You have to remember that there was, somehow, a childhood before the internet, before porn or the word “misogyny.” That was the world in which you grew up watching Jeter becoming Jeter. 1997, for example. Third grade. Mariah Carey released “Honey.” The music video wasn’t as devastating as “Heartbreaker,” but it definitely got into my head. She slips out of her dress underwater. She was also Jeter’s first girlfriend. After Mariah there came a steady succession of what felt like—in part, of course, because some of them were literally named—the world’s hottest women. You charted it. Whenever a new girlfriend had been acquired, a Yankees announcer would offhandedly allude to it as Jeter came to bat, or a friend would tell you, or the camera would cut to Jeter and her courtside at Madison Square Garden.3By high school, if you remember, there were sports kids and there were music kids, at least among the boys. And if you were in the former camp, Jeter’s game was kind of amazing.
Living the dream, was what you’d say at the TV, half meaning it.
And then it became routine. Dating the world’s currently hottest woman became part of Jeter’s job description, a task he carried out as coolly as he played short. As coolly, but also kind of as dully. There was always something distinctly PG about Jeter’s love life. No scandals, no making out, no affairs, no short-lived marriages. No marriage at all. It all felt almost platonic, sexless, a high school sitcom where the stud never aged.4 Jeter’s status as a good guy was never really in tension with his litany of perfect girlfriends; if anything, it was bolstered by it, as if his universally praised classiness on the field were confirmed in an old-school gentlemanliness in love.
In a moment where we’re surrounded by images of male sports stars being scarily mean to women, you could understand the urge to believe in Jeter’s knightliness, forever unviolent and unstained, as a leftover from a better time. Now, if you’re into this kind of thing, Reddit and the Post contain various stories testifying to a predictably crappy private Jeter, one who sends women home with autographed memorabilia, proclaims (or softly moans, depending on the version of the rumor),Yeah, Jeets, when you go down on him, watches reels of himself butt naked chanting the same, and so on, and it’s all not entirely unbelievable (he can’t possibly be as good as we think). But this is a little like the literary historian trying to uncover who the actual historical person was behind the hero. In the Neverland of deep fandom, it’s not the real Jeter you relate to. Here, Jeter’s conquering of every woman that a boy—if he were a man—could ever want becomes a sort of knightly exemplar, the work of a purehearted grabber of ladies, who slays harmlessly.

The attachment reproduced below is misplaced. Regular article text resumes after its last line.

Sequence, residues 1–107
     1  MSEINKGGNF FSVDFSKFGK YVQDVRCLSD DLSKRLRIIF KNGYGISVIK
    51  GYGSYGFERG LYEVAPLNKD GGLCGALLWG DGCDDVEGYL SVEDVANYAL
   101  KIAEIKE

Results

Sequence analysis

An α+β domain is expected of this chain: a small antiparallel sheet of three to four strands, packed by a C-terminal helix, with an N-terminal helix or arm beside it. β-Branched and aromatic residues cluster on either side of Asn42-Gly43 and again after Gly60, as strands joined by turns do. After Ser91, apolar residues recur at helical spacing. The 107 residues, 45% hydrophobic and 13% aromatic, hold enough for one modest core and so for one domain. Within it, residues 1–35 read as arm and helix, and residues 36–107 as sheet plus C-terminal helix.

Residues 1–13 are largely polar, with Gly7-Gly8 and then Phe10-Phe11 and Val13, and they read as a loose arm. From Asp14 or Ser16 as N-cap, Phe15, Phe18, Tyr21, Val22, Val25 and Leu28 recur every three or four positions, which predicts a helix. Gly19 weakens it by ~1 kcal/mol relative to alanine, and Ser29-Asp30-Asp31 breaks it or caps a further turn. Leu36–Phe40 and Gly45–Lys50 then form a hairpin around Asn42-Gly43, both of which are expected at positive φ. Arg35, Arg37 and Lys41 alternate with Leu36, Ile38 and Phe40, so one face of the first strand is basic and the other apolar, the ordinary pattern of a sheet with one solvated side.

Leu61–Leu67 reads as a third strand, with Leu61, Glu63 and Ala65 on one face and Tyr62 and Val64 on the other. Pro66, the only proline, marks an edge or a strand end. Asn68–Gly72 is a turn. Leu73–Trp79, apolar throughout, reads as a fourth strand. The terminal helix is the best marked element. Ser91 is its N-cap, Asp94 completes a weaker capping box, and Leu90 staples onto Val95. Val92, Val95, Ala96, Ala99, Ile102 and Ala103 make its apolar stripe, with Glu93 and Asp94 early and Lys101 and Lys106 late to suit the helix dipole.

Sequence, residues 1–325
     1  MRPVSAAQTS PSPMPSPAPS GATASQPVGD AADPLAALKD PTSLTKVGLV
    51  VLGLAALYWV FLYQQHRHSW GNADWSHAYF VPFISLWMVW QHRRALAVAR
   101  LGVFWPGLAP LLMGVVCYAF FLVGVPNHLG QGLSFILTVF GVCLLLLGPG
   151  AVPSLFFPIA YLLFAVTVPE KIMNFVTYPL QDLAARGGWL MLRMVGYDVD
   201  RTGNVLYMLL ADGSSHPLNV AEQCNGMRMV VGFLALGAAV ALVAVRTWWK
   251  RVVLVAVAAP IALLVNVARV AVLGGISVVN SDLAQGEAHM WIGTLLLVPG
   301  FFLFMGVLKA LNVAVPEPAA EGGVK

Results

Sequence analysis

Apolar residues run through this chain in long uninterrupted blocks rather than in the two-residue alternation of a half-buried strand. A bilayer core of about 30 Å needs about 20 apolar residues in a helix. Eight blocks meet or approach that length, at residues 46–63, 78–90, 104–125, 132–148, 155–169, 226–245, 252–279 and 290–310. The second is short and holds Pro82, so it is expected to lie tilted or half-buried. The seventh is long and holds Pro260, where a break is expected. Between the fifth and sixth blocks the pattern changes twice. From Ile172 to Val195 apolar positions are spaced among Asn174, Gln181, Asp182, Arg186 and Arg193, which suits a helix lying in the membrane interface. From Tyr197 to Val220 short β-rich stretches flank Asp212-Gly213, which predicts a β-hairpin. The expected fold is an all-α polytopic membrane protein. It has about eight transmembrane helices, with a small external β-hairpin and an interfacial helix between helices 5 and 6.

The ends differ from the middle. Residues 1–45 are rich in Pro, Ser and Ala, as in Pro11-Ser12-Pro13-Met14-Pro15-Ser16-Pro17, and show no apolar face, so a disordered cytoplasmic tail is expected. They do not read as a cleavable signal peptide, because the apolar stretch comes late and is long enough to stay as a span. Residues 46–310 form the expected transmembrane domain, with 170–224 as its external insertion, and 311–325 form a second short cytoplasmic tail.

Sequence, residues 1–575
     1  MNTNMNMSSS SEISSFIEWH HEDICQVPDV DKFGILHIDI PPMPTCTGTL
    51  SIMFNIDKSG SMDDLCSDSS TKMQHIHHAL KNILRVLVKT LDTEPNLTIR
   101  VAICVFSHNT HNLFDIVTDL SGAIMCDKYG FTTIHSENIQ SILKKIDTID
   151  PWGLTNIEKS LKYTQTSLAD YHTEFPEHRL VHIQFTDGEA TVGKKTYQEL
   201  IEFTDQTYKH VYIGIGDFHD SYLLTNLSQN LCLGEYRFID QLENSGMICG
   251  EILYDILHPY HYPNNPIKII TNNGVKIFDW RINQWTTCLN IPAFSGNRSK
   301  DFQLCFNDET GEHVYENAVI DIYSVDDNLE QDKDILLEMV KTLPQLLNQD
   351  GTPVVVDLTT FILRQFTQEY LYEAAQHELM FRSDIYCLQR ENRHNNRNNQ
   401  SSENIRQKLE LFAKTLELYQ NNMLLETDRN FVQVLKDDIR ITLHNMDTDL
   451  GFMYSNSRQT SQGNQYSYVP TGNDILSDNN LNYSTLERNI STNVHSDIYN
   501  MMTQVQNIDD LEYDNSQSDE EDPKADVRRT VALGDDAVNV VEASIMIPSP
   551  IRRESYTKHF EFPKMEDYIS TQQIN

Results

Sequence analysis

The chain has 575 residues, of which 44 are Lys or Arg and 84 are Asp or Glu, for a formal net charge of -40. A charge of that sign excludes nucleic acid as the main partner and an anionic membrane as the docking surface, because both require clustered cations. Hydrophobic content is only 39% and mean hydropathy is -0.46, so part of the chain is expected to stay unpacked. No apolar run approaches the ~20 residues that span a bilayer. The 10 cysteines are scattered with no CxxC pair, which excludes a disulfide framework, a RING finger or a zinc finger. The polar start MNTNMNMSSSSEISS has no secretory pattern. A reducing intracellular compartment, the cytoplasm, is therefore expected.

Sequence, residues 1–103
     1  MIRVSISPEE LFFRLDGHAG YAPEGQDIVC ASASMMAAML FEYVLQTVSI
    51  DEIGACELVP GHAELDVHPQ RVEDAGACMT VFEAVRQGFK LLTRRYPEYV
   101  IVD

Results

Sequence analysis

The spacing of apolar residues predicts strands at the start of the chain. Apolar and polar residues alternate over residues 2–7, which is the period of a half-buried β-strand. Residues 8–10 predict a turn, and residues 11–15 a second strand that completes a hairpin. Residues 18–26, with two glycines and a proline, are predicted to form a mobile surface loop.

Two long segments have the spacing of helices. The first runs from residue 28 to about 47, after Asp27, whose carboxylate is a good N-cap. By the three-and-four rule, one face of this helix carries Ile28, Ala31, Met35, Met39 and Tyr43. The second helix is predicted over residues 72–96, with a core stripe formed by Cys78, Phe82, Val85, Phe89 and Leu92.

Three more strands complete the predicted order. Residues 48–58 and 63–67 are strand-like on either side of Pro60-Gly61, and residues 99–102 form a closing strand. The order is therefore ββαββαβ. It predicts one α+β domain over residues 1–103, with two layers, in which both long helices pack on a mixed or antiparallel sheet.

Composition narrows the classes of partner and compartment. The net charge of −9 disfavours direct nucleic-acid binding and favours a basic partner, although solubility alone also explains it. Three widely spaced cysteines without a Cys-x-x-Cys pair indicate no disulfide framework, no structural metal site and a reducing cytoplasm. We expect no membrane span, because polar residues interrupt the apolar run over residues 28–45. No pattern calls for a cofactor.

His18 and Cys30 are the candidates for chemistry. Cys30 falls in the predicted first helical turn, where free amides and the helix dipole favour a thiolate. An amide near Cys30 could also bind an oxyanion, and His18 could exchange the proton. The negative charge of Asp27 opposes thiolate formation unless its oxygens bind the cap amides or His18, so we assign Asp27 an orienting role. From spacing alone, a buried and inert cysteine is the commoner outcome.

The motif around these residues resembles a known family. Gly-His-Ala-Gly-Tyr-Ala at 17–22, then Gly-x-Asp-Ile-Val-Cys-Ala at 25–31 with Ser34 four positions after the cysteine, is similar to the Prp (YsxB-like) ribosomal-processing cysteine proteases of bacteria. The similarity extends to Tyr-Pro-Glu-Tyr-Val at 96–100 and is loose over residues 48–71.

Here’s a memory—not from a better time, but from 1997. I was ten, maybe eleven, and we were in Alex’s MVP Cards and Comics one night after dinner when an older kid came scrambling in with the news that Jeter and Mariah were at a restaurant three blocks away. Outside, right there on the street, he said. There were only a handful of us, a group like you only got in places like Alex’s: my younger brother, two balding men, a teenage girl (who seemed to have something to do with the balding men), the messenger, my mom, me. Somebody had to go see. But whether it was the wisdom about it always being a bad idea to see your idols close up or a fear of seeming overeager or just the presence of my mom, nobody moved. A silence. Well? the girl said. And then turning to my brother and me, Don’t you live around here? like that decided it. It did. And so we—my brother and I, and our mom, who tailed us—left Alex’s and walked down Second Avenue and then over to First, and as we got closer to the restaurant, which was called Sharz (it’s defunct now), we started to run. When we arrived at the corner there was already a group of men gathered: men who cut flowers at the deli and delivered burritos, others in ties who’d joined on their way home. I might be making this up, but I remember one of them making a big-eyed “come here” motion, like you had to be careful not to alert the stars to our spectating. We took our spots. We watched them eat and drink and touch each other’s hands. We looked. Jeter had only been Rookie of the Year the year before, which is to say, this was only his first unbelievably hot girlfriend (for us, anyway), plus I was a kid, and so the sheer concentration of manly desire on the corner was new.
Did I wish it were me? The question, then forming, was actually a lot like the one I felt in the moment of Audrey’s marveling, though both have all but evaporated in the time it took Jeter to grow old. It’s hard to remember how much it mattered.